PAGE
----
Local Government lobby on school academisation

Posted on: 20 May 2016

The Council’s Cabinet Member in charge of schools, Cllr James McInnes says he’s pleased that the Government has re-thought its proposals to force council maintained schools to become academies.

In an address to county councillors, Cllr McInnes told members that he was well aware of the growing discontent about the Government’s proposals from many school heads, teachers, governors and parents, as well as cross-party politicians.  And that he is pleased that the Government’s re-think shows that ministers are listening.

The vast majority, some 70 per cent, of the 365 schools in Devon currently remain part of the local authority.  Heads and governors say that they value their local identity and relationship with the council, which has a record for speaking out nationally in support of its schools.

The Government claimed that forced academisation would drive up standards, but Devon argued that over 91 per cent of its schools are judged by Ofsted to be good or outstanding – considerably higher than the national average, and higher than the average for academies.

National performance tables place Devon alongside the country’s top local authorities for many education measures.

Among parents concerns are the possible removal of a requirement for parent governors, and a lack of authentic consultation in the academy conversion process.

Cllr McInnes said that while people can remove him at the ballot box if they are not happy, the role of overseeing academy performance risked being passed to un-elected, faceless bureaucrats in London and Bristol.

Cllr James McInnes“I am not against schools taking ownership and control, schools are independent places now,” he said.

“Schools have had the freedom to become academies for a number of years and just over a quarter have chosen to exercise that freedom.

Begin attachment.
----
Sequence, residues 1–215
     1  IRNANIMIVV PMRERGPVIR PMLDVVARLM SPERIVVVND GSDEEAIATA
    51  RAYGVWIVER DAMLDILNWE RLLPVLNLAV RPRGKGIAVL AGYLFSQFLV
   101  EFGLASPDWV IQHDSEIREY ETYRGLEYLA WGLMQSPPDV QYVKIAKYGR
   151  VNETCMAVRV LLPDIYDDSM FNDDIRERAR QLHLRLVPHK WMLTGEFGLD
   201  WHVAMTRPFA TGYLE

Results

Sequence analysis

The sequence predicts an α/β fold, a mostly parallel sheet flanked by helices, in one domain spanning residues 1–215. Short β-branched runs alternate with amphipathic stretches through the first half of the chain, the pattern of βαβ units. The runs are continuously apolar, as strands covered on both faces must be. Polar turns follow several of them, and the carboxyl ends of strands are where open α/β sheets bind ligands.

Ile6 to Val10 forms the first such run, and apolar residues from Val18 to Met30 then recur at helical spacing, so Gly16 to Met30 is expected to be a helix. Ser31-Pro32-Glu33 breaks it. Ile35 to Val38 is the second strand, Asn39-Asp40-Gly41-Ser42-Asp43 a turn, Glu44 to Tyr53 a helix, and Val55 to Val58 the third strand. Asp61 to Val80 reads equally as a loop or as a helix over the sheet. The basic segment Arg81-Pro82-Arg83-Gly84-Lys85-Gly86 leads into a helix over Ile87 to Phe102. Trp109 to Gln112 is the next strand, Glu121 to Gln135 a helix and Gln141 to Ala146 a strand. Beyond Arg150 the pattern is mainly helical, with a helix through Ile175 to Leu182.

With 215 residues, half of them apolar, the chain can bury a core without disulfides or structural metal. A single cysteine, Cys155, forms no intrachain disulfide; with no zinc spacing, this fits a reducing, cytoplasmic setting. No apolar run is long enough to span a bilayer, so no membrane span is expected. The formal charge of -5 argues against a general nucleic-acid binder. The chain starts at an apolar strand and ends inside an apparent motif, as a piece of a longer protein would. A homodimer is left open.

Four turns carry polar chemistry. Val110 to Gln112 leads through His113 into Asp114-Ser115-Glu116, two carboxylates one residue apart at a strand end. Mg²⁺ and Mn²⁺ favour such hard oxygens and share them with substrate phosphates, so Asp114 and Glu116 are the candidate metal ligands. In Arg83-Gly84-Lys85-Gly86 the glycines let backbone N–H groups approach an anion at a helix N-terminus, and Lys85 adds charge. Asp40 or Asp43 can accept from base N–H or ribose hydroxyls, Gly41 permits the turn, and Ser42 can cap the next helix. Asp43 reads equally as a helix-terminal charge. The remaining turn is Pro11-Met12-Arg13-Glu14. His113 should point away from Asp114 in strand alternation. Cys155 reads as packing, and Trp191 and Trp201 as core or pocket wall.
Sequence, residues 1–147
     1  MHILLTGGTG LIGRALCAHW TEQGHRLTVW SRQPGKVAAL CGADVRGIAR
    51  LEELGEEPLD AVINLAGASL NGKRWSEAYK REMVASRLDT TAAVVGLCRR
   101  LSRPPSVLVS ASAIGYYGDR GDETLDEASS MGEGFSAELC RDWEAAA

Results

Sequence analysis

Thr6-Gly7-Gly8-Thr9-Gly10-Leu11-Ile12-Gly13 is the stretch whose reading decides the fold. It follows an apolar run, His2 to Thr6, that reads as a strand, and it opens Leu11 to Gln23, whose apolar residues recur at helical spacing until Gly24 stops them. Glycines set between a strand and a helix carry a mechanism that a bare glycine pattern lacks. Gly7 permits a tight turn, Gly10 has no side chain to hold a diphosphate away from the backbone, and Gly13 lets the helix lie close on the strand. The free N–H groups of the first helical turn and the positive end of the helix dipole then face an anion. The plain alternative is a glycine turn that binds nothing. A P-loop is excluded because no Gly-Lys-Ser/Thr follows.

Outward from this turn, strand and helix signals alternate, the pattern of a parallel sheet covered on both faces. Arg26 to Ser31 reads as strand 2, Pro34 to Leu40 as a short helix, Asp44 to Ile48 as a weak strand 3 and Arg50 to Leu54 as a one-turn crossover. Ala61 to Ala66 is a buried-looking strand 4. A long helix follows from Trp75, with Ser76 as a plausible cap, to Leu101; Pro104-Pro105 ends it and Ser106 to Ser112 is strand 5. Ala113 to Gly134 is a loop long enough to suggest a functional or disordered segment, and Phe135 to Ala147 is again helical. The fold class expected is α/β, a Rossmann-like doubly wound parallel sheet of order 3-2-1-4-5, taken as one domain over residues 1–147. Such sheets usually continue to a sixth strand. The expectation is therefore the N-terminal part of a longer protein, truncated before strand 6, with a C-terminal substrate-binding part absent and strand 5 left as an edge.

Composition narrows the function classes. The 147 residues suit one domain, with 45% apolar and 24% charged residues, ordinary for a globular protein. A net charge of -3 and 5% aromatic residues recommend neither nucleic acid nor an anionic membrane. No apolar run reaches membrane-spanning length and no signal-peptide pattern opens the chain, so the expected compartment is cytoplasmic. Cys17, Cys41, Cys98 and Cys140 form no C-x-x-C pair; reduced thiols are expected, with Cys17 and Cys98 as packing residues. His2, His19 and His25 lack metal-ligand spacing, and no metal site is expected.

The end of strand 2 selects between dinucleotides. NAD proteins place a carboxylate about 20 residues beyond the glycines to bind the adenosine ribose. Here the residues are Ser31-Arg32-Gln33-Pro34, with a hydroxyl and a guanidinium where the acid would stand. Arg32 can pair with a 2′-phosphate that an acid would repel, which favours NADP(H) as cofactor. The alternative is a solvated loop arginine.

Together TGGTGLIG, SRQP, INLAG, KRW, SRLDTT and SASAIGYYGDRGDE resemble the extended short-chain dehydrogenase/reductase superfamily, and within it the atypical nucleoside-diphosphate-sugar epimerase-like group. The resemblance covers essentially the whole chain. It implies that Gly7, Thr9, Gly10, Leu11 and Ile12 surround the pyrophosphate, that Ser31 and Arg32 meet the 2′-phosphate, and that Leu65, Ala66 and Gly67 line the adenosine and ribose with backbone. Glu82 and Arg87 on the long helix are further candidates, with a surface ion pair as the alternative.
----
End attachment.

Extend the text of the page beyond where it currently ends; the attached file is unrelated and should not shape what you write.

“There is however no evidence to suggest that academisation necessarily improves performance, as the success of Devon’s maintained schools demonstrates.

“On behalf of the many parents, teachers, governors, and even some academy leaders, we have expressed our concerns to ministers including the Secretary of State, and to our Devon MPs.

“While the Government’s White Paper has some way to go, I am pleased that they are re-thinking their position, and will continue to allow schools the option to decide for themselves whether they wish to remain as maintained schools, rather than have academisation forced upon them.

“I’m hopeful too that the Government will decide against its proposed removal of funding to councils for school improvement next financial year, which would immediately disadvantage children attending  maintained schools.”

3 comments on “Local Government lobby on school academisation

  1. Paul F says:

    Q: If standards are already high in Devon’s schools, then why put these at risk by an untried academies process?

    A: It is either Tory dogma that private sector is always better (though there is lots of evidence to the contrary if you look) or an attempt to cut costs as part of the austerity measures without being open about it or worse still a deliberate attempt to take responsibilities from county councils (along with so called “devolution”) to the point that county councils can be seen as having too little responsibilities to be economic and can be abolished.

    Note: Any one of the above reasons MIGHT be valid – but there needs to be open debate based on fully scrutinised facts in order to show that it is true and justifies the changes. The current approach of policies based on dogma without facts, reason, justification or manifesto to back them up is simply undemocratic.

  2. Derek Hewertson says:

    Privatising Devon schools is unnececcassry. The existing schools administration by the County has worked well over many years for the benefit of staff, pupils and parents. It has constantly been under close observation by many groups looking for waste and mismanagement and has continued to serve its constituency well. There is no evidence nationally that private companies or charities can achieve the same high standards provided by Devon C.C. at lower costs

  3. Paul F says:

    The government’s Academisation policy is simply privatisation by stealth – and when taken in conjunction with other “privatisation” by stealth policies appears to be an attack on county-council-level local government.

    I am glad to see DCC resisting the academisation process, and encourage other local residents to campaign to avoid academisation of local schools.

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